Beers & Probst: Nonfiction Signposts & Strategies

Reading Nonfiction: Notice & Note Stances, Signposts, and Strategies
By Kylene Beers and Robert E. Probst
(Heinemann, 2015 – Learn more)

wisneski 7 14 110By Sandy Wisneski

Students’ reading choices should not be limited by a number, a letter or a color code. How refreshing to read this in Reading Nonfiction: Notice & Note Stances, Signposts, and Strategies by Kylene Beers and Robert E. Probst. Text selection for students is so often driven by numbers or letters based on a test.

To support their position, the authors discuss in depth factors connected with readability, complexity and rigor. “Reducing text complexity to a formula based on sentence length and word frequency isn’t the solution. The next time someone requires that you use a Lexile number to match a child with a book, encourage a conversation about the efficacy of this as a sole measure.”

reading nonfiction biondiSchools often strive for rigor and at times base it on the level of Lexile. “When districts tell us that they couldn’t use this text because it would be ‘too easy’ and they must ‘raise the rigor,’ we remind them that rigor is about relevance and not about a Lexile score.”

I was caught off guard initially at the Beers-Probst definition of non-fiction.

“Non-fiction is the body of work in which the author purports to tell us about the real world, a real experience, a real person, an idea, or a belief.”

Students have been typically taught that non-fiction means “not fake.” I have made that same mistake in my own classroom. Beers and Probst challenge the reader to enter the text “recognizing that the author is not offering the truth, but one vision of the truth.” In my own classes this challenge will lead me to bring a new perspective when we are reading nonfiction.

The authors continue: “We are required to read beyond the four corners; we are required to let nonfiction intrude; we are required to wonder what it means on the page, in our lives, and in the world.”

5 Signposts can help

The authors contend that “Signposts make the reading of nonfiction more meaningful, more personal.” Each of the five signposts they have identified is arranged with anchor questions, charts, author side comments, and clear steps for teaching and modeling.

  • Contrasts and Contradictions – when the author presents something that contrasts or contradicts what the reader is likely to know, think or have experienced, or shows a difference between two or more situations, events or perspectives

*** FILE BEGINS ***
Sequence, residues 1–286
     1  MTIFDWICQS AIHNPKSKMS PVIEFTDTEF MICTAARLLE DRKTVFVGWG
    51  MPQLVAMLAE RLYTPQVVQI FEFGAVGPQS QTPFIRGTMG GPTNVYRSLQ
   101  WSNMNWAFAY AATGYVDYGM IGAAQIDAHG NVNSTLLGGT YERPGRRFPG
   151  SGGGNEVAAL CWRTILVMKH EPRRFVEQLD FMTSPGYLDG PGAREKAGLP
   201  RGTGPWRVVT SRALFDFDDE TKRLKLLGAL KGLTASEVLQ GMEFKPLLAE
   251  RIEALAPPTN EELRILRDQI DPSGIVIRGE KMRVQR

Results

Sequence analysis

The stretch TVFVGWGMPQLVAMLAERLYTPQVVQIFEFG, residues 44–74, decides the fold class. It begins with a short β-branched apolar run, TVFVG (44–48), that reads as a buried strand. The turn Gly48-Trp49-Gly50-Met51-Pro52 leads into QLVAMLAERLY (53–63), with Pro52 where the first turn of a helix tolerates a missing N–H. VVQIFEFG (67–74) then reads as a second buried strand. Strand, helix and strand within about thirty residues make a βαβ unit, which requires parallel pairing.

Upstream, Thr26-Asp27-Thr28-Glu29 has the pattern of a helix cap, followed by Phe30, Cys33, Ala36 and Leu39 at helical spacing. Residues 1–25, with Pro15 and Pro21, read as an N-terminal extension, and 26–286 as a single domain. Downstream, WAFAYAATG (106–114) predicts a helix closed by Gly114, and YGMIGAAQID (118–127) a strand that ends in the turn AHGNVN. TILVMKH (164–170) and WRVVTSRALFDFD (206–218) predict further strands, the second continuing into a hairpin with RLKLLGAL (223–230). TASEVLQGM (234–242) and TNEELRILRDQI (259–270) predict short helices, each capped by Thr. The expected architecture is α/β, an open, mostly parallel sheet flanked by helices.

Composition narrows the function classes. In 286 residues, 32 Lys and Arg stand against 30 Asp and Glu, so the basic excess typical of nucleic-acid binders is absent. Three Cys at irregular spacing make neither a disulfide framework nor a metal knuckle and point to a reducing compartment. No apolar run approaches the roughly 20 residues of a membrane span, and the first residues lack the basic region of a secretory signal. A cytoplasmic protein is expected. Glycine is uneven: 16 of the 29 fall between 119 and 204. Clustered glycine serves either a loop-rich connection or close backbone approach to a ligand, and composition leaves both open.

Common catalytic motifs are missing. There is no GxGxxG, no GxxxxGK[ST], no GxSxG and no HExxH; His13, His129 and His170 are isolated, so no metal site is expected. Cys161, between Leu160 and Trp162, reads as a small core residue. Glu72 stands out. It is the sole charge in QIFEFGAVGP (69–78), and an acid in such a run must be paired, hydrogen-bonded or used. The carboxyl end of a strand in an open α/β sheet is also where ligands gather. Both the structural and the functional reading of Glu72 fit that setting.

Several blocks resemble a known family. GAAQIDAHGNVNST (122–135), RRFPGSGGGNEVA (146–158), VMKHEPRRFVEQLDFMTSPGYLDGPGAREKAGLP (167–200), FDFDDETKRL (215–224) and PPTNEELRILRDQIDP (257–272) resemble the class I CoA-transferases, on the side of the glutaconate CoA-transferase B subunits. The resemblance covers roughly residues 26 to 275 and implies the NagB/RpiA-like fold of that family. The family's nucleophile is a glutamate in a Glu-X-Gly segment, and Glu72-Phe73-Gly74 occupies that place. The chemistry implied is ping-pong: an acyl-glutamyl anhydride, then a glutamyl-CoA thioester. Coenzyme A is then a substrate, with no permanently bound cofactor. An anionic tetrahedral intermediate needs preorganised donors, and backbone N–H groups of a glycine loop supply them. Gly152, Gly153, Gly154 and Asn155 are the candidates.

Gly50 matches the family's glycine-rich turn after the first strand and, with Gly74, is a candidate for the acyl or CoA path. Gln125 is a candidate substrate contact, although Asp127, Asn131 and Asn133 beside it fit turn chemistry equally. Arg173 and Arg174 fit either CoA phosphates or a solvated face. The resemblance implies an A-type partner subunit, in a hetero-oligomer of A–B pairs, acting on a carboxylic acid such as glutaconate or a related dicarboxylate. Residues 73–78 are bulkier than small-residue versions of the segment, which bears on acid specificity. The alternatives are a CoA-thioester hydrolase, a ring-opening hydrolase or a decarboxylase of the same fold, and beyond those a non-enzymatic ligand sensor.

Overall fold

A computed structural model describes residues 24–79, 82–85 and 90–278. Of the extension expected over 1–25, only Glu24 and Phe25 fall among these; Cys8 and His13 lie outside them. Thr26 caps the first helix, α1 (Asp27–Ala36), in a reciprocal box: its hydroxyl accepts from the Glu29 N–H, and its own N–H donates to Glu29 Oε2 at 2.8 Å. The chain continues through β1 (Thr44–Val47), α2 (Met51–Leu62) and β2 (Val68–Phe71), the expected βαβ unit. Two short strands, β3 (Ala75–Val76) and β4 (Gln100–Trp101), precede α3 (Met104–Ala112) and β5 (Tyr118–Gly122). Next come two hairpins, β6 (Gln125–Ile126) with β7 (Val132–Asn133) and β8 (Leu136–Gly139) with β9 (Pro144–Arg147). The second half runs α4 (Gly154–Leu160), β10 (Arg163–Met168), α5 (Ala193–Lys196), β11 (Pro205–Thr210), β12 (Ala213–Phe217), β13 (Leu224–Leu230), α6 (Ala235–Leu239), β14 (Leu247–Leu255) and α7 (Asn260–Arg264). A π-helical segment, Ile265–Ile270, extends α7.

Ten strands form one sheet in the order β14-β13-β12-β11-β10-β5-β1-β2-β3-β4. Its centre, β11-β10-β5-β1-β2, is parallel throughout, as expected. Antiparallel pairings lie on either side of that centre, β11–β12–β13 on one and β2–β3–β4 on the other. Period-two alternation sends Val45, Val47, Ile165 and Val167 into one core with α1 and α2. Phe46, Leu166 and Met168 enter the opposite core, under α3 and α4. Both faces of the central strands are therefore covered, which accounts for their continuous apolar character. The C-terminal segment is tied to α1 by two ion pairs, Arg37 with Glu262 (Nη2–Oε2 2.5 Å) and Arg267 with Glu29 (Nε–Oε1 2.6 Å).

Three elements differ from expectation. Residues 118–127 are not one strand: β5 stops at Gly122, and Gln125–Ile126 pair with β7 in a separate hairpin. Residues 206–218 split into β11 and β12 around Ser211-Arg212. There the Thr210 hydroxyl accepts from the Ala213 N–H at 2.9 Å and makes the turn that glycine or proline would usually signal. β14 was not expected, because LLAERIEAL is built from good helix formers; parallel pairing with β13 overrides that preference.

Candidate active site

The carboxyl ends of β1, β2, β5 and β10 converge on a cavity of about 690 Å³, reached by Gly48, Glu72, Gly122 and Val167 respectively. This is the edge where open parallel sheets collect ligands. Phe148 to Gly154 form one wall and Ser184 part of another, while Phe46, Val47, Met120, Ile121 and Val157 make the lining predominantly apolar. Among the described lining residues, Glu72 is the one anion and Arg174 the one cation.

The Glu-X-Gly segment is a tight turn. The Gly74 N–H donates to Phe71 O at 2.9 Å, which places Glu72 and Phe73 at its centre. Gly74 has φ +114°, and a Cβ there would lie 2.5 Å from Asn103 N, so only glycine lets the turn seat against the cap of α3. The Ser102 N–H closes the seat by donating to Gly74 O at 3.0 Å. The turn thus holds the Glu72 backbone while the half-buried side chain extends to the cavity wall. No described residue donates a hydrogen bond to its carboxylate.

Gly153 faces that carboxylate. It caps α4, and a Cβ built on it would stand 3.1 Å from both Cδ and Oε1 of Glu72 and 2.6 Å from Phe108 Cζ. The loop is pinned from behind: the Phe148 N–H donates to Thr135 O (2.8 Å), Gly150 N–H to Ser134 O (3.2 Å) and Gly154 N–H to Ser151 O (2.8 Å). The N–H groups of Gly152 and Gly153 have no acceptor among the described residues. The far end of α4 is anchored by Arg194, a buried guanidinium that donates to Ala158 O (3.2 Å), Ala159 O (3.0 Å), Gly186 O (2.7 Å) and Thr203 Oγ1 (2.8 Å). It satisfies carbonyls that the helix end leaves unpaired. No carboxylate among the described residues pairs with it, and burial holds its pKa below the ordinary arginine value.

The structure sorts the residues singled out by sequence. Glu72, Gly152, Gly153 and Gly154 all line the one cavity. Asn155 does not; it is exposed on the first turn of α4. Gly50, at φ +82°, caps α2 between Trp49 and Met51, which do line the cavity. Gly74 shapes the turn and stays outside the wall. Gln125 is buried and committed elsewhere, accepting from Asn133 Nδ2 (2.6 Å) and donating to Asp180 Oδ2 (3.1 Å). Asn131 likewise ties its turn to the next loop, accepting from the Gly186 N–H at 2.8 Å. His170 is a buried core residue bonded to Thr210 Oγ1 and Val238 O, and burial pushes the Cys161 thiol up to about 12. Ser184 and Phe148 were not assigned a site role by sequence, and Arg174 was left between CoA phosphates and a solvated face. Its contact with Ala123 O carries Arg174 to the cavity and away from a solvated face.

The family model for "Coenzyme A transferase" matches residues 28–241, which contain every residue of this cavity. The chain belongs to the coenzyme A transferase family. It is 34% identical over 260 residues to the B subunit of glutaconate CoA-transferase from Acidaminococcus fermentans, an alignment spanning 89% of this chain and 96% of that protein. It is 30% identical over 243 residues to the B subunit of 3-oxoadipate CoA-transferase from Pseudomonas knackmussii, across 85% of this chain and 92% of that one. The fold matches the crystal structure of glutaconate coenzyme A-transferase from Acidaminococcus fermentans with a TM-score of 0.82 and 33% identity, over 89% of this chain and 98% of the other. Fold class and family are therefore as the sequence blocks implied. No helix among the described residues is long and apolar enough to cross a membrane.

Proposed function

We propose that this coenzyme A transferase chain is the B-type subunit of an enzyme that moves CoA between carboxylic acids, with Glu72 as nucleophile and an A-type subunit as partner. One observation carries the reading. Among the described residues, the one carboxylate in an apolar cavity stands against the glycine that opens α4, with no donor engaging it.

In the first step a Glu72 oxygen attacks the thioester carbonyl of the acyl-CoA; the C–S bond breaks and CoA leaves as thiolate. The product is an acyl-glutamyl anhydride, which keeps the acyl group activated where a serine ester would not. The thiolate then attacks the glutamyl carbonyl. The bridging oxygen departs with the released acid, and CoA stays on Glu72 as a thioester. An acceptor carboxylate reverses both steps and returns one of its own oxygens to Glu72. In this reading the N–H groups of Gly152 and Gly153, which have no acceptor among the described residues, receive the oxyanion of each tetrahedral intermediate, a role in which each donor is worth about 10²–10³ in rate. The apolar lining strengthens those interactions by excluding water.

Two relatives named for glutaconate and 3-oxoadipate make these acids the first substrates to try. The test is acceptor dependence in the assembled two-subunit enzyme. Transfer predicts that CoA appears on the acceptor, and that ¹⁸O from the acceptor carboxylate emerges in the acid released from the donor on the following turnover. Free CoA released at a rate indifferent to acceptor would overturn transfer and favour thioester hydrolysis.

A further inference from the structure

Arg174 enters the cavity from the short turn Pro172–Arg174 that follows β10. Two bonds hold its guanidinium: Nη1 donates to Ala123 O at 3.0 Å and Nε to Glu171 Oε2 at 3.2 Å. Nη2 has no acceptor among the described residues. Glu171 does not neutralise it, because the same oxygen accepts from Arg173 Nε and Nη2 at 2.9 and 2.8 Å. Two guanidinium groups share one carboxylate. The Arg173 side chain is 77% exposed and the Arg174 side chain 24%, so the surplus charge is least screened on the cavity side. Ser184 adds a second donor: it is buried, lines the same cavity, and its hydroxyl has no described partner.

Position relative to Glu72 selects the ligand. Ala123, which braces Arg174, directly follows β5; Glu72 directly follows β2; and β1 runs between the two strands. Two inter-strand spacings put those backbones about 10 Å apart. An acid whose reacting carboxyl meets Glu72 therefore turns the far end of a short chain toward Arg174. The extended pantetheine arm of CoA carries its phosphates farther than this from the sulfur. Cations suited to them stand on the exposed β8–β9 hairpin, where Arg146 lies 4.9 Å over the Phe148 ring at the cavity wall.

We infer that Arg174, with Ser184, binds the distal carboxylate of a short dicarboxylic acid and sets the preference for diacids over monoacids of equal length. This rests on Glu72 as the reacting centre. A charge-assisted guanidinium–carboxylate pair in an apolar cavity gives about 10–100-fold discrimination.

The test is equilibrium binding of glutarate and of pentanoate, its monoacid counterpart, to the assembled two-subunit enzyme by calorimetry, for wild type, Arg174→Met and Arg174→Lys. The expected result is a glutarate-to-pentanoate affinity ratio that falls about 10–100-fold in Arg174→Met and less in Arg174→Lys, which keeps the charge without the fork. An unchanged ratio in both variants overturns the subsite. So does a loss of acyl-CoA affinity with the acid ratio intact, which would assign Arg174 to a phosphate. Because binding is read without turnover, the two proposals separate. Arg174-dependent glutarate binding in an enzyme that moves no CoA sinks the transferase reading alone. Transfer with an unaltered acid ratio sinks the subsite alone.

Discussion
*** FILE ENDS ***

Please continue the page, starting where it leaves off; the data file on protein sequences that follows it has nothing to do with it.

• Extreme or Absolute Language – author uses language that leaves no doubt about a situation or event that exaggerates or overstates a case.
  • Numbers and Stats – author uses number or words that show amounts or statistical information to show comparisons in order to prove a point or help create an image
  • Quoted Words – author quotes others, directly, with what we call a Voice of Authority or Personal Perspective, or citing Others’ Words
  • Word Gaps – author uses words or phrases students recognize they don’t know

The graphic images interspersed throughout the chapters are practical hints for application in the classroom. Chapters on signposts will need to be slowly digested in pieces. The authors have written a complete and detailed explanation with examples from various experiences.

The authors also write that “Strategies are those scaffolds we share with kids to make the invisible thinking process visible.” What a perfect explanation of a strategy. The seven strategies are limited for a reason, so that students will learn to use these tools more. My favorite strategy is “Sketch to Stretch.” Visualization is often a problem during reading, so students do three things:

  • Underline specific parts of text that cause confusion
  • Reread these parts and try to draw in the margin what the author is describing
  • Label their drawing with terms used in the text

The other six strategies include:

  1. Possible Sentences
  2. KWL 2.0
  3. Somebody Wanted But So
  4. Syntax Surgery
  5. Genre Reformation
  6. Poster

At the end of the book are appendixes which include surveys, articles, models, booklists and teaching resources.

Reading Nonfiction: Notice and Note is a powerhouse resource of practical strategies and signposts to help all levels of readers. The information will impact and encourage my own classroom. Thank you, Kylene and Robert, for new definitions which challenge my own thinking and practices in the classroom.

Read another review of this book

Sandy Wisneski (@stampcat2) is a lead teacher at Catalyst Charter Middle School in Ripon, WI. She is the district Webmaster, tech mentor, and yearbook advisor as well as new teacher mentor. Over the past 39 years, she has become certified as a Flat Classroom Teacher and obtained her masters in reading. She is also a Graphite Certified Teacher. The summer of 2014 she attended Honeywell Educators @ Space Academy. She enjoys challenging students to “take ownership” for their learning and to be effective digital citizens in the world.

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